Atomics would never light up Bejing under the given strategic circumstances. But they could readily have turned the approaches to Pyongyang into glass and Mac's lack of political saavy on that fact put Truman in a position where (intermixed forces) he could not give the release signal at all.

I have no pity for the Corncob Warrior.

>>
I do not know our maximum strength in Korea. Based on 45,000 KIA, and figuring 10 to 1, I’d guess we had at a max about 450,000 men. I don’t know how many soldiers the allies brought but not many, about like Iraq 2, I’d guess. By the summer of 1951, we had stabilized the line of battle more or less along the 38th parallel, where it all began. The war was basically over, but for skirmishes, until the Armistice of July, 1953. Which is still “holding.” It is my guess we spent about $25 billion in Korea between 1950 and 1953.
>>

54 billion and 5.4 million men according to the above LINK.

>>
OK, I’ve set the stage according to my memory. It is my opinion we won the Korean War, because our goal was met. That is, we were there to stop aggression. We certainly did that.
>>

No. We are simply still in the process of losing it. China knows, KNOWS, that we will leave 'eventually'. Thus all they need to do is bleed us white while empowering asian society with our industrial know how and commercial-tapeworm dollars. Until THEY decide the the Norks are no longer necessary as a Stalking Horse method of keeping U.S. "Better there than at home." wasting money for the defense of others that could be reinvested in our own broken economy.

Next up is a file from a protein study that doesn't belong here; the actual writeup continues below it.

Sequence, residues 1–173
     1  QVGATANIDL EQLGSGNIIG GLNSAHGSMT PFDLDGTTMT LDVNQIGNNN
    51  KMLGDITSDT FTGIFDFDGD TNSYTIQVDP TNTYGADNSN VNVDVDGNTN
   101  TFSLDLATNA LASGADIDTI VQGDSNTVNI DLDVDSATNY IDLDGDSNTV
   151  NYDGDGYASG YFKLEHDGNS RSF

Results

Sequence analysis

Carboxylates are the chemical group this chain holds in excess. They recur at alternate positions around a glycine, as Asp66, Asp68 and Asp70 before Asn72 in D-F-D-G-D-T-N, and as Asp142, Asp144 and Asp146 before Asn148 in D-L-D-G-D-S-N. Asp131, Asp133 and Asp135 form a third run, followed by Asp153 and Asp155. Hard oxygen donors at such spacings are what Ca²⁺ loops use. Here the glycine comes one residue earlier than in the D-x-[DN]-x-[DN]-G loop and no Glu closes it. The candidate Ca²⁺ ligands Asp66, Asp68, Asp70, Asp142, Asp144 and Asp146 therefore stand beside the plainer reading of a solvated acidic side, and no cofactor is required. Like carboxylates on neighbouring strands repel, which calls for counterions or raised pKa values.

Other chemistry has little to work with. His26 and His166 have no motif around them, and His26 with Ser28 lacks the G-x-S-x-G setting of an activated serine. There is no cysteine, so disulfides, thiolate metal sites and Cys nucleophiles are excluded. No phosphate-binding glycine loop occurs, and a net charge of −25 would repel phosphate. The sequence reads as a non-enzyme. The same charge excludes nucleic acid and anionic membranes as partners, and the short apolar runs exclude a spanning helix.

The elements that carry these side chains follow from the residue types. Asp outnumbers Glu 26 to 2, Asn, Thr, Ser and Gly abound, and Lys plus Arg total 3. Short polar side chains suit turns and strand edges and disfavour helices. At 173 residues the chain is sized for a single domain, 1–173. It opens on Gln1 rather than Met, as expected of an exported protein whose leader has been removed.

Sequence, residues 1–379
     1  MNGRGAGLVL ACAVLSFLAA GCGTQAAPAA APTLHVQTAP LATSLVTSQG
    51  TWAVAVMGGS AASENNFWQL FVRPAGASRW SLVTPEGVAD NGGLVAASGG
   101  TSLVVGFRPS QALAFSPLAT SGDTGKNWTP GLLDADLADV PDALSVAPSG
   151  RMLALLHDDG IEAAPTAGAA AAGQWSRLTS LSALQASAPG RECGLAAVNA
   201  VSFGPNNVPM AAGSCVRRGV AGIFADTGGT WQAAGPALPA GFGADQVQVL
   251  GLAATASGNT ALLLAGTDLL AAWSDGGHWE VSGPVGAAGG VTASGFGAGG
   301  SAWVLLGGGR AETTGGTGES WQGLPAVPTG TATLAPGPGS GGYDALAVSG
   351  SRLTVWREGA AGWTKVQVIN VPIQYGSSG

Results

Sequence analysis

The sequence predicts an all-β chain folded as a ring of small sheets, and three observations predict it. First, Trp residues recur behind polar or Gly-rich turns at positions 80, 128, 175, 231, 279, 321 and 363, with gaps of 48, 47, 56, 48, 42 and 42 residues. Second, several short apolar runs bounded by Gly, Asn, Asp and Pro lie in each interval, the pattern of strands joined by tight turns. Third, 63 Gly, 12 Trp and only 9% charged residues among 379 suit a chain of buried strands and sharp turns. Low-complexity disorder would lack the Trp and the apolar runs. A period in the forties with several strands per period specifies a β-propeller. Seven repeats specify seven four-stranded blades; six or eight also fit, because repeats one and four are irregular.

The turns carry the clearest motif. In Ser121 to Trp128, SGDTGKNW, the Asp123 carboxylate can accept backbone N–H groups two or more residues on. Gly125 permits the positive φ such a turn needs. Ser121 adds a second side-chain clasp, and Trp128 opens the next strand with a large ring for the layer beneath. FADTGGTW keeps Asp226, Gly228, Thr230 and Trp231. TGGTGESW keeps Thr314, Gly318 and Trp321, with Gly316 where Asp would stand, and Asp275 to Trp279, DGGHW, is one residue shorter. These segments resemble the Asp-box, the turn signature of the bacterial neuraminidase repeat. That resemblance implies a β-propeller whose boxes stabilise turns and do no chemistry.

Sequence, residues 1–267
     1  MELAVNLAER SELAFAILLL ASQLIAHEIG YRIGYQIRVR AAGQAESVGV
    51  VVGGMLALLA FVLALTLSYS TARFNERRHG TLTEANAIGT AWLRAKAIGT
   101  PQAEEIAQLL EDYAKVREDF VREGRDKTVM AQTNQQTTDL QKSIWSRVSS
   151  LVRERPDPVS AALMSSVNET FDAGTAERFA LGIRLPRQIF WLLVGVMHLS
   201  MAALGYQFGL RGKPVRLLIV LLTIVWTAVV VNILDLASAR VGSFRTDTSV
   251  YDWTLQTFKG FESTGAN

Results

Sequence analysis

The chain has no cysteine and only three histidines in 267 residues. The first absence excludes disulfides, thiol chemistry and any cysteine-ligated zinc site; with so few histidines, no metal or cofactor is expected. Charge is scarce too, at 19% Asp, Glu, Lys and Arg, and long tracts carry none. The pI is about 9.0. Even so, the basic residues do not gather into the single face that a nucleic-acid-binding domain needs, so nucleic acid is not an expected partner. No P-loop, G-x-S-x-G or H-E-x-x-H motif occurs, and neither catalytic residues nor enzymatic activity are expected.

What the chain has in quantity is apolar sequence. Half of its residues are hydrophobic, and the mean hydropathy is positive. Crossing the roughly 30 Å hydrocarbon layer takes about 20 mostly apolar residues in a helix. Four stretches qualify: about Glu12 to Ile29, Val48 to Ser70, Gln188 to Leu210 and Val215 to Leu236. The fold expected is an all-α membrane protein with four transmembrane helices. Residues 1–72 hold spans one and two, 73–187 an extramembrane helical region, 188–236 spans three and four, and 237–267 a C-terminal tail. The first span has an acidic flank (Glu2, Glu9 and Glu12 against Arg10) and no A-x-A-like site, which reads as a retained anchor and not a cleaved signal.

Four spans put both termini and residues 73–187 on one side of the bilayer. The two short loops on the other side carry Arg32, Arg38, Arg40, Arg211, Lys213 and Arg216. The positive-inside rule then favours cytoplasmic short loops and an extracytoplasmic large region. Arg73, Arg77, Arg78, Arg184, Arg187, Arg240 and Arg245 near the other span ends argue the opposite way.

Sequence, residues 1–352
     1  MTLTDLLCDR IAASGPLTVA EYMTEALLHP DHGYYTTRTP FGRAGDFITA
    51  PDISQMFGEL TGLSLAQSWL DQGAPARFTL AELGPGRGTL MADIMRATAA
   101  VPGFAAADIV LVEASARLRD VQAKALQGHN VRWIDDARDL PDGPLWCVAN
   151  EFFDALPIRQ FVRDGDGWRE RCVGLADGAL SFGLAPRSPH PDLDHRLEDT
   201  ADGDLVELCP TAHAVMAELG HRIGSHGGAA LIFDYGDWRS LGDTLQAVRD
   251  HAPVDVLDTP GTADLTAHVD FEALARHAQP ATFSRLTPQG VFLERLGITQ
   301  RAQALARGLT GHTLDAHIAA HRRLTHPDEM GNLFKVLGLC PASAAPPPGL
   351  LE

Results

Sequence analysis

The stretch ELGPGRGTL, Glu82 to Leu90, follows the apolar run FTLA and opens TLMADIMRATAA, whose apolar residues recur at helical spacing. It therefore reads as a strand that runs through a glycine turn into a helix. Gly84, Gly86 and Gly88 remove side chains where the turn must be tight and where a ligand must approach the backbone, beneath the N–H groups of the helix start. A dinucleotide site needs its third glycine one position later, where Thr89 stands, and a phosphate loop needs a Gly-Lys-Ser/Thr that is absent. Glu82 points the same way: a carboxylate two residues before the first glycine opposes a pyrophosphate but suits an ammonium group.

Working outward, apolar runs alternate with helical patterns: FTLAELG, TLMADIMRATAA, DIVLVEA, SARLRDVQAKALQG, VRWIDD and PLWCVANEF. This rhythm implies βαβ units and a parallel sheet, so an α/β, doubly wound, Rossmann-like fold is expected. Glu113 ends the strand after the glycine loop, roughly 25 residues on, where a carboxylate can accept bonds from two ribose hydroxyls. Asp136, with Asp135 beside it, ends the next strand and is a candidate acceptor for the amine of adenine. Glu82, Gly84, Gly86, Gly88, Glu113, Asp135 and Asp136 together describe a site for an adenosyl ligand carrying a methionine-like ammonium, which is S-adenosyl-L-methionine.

China wants to rule the world as the next Super Power sir. And they combine an immediate hunger for the status and wealth. Combined with an 'inscrutable' awareness that time is on their side as the old becomes decrepit.

So as to feel neither guilty nor rushed in how they get there.

>>
OTOH, it is my opinion we lost the Vietnam War, not on the ground, necessarily, but because we lost the will at home to continue the killing when it became obvious that was not working, but that we were bogged down in a quagmire. Compounding the sustainablity of the war, was the inability of the Administration to convincingly explain why our presence in Vietnam was essential to our security.
>>

The only way to win a war of attrition is to continually disrupt the enemy supply system by which THEIR 'expeditionary' force construct is maintained. That means you DO NOT fight in RVN. You fight in Cambodia, Laos and The North.